Stepping Over the Line
Some couples try to counter the arguments I’ve presented by saying, “But we’re going to get married anyway. We’ve already made a commitment. What difference does it make if we become ‘one flesh’ right now or wait until after the wedding?”
First, you haven’t actually made a commitment yet — not even if you’re engaged. In our culture, engagement doesn’t amount to that kind of promise. It’s not the sort of commitment that requires you to step over a line you can’t re-cross without some serious social and legal consequences. The real promise will be given when you stand before God in the assembly of witnesses and solemnly pledge yourselves to one another “‘til death do you part.” Until those vows are said, it’s still fairly easy to bail out.
That leads to my second point. It’s not uncommon for weddings to be canceled a week before the event. Such things do happen. When they do, couples who have already had sexual intercourse end up carrying more emotional and psychological baggage than those who have made the decision to wait.
So how does one lay a strong foundation for marriage? In some ways, this is the same question David poses and immediately answers when he asks, “How can a young man keep his way pure? It’s by living according to Your Word” (Psalm 119:9).
“Living according to God’s Word” means taking His design for marriage and human sexuality seriously. You can do this by implementing four practical strategies: pause, reflect, understand, and decide.
“Fools rush in where angels fear to tread.” Many young couples try to put this saying into practice by delaying marriage, but they fail to see how it applies to premarital sex. Before allowing yourself to be swept away by hormones and passion, take a deep breath, get your bearings, and figure out how you really feel about sex and marriage.
Dust off your Bible and find out what it has to say about purity and whole, satisfying relationships. Pay special attention to Paul’s description of the fruit of the Spirit (Galatians 5:22-23): “Love, joy, peace, patience, kindness, goodness, faithfulness, gentleness, and self-control.” These nine words present a complete picture of the man or woman who walks with Christ. Patience and self-control are especially pertinent to the question here under consideration. There is no better way to prepare for marriage than by cultivating these Spirit-inspired qualities.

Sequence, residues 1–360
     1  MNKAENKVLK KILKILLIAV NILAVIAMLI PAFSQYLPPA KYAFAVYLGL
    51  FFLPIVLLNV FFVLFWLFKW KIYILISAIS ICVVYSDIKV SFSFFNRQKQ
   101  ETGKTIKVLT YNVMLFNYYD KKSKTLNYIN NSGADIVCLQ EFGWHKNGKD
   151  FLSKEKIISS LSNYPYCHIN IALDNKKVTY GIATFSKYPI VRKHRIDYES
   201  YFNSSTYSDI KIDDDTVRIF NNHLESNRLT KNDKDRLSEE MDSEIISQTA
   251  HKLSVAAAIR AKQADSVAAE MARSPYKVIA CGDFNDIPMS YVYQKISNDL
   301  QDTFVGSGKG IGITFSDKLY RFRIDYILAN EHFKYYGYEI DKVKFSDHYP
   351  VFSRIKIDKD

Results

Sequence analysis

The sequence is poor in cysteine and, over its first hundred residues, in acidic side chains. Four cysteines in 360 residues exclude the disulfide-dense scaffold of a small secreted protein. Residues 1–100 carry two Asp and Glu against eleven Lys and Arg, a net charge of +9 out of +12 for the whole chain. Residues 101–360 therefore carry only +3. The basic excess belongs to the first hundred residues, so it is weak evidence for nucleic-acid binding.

After reading the Bible, put some effort into understanding why it says what it says. Otherwise, your convictions will crumble when temptation comes knocking. Spend time meditating on Genesis 2:24, Matthew 19:3-10, 1 Corinthians 7, and Ephesians 5:22-33.
Finally, take control. As I told the young man who came to me for counsel: it’s your life, and you have to make up your own mind. Find out exactly what you believe and put it into action.
God cares about sex, and He gave us very natural skills in this area for a reason. His purpose for sex is seen not only in His original design for the human race but in man’s identity as an image bearer of God. God loves sex—when it’s satisfying sexually, emotionally, and spiritually—and that only happens in the confines of marriage.
Dr. Danny Huerta wrote this article with the help of Jim Ware. It was formerly posted on the Boundless.org web site.
Dr. Huerta oversees Focus on the Family’s initiatives that equip mothers and fathers with biblical principles and counsel for raising healthy, resilient children. He has maintained a private practice in Colorado Springs since 2003. He and his wife, Heather, have been married since 1997 and have two children, Alex and Lexi.